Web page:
Media freedom and pluralism are a prominent topic in the nascent geopolitics of technology: the waves of hate speech in the media, the guarantee of the right to information and the right to avoid disinformation and misinformation, the protection and empowerment of journalistic profession, and the inference from both governments –authoritarian and illiberal ones– as well as some private companies in the respect for media freedom and pluralism. 

In this scenario, the European Commission announced its commitment to prepare a European Media Freedom Act that is expected to be presented in the autumn of 2022. Beyond relevant topics such as the economic impact of the vulnerabilities to media freedom and pluralism, regulation and the role of platforms, public policies and its embedding into the EU’s jurisdictional structure, still the EU has developed for several years a growing, still dispersed, patchwork of policies to address this issue from a geopolitical perspective.

The nexus between media freedom and pluralism jointly with security and rights

The interlink of the EU Media Freedom Act with the EU’s geopolitical approach has several work streams in terms of security and rights.

2010-2015 period: disperse, ad hoc projects through funding mechanisms, with the lens of human rights

It was with the 2011 Arab Spring that the EU has since devised instruments to address digital threats to democracy. This process started with the 2011 “No Disconnect Strategy”[1], released as a tool to support activists’ use of social media as a positive democratic way at a time where authoritarian regimes conducted Internet shutdowns during 2011 and 2012. Concretely, the “No Disconnect Strategy” included some policy areas and funding addressed to media freedom and pluralism (not only large companies, but also NGOs communications and alternative democratic media) on the following topics:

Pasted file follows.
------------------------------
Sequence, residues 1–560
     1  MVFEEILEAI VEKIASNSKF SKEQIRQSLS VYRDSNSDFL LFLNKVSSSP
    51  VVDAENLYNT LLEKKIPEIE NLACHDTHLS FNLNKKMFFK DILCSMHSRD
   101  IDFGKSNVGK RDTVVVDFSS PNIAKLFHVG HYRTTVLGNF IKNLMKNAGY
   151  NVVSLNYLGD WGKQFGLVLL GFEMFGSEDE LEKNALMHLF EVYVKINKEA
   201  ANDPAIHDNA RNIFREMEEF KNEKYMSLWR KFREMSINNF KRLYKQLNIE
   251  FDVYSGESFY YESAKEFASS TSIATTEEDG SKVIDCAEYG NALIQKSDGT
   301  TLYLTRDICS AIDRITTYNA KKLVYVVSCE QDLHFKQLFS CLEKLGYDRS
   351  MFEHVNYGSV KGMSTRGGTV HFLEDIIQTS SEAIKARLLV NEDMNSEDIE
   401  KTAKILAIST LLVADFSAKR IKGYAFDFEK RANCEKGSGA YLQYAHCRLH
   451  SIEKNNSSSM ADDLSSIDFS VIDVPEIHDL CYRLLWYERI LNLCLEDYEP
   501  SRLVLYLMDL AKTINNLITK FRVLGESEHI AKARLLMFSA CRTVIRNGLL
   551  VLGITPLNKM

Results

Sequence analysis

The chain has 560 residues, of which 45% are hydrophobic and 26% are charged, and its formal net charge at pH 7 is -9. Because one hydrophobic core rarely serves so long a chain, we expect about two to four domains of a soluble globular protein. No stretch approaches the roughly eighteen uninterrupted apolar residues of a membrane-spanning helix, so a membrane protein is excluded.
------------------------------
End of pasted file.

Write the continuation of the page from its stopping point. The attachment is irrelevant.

• Funding to support democratic activists build secure communications.
  • Campaigns to make European media include digital human rights issues as part of their broadened concept of corporate social responsibility and ESG+ investments.
  • Protection from Internet shutdowns and surveillance from authoritarian regimes.
  • Funding for projects on online privacy, activists’ online education and usage of media outlets, blogs and alternative forums, and on how to cooperate with other media groups to make outreach of news and issues.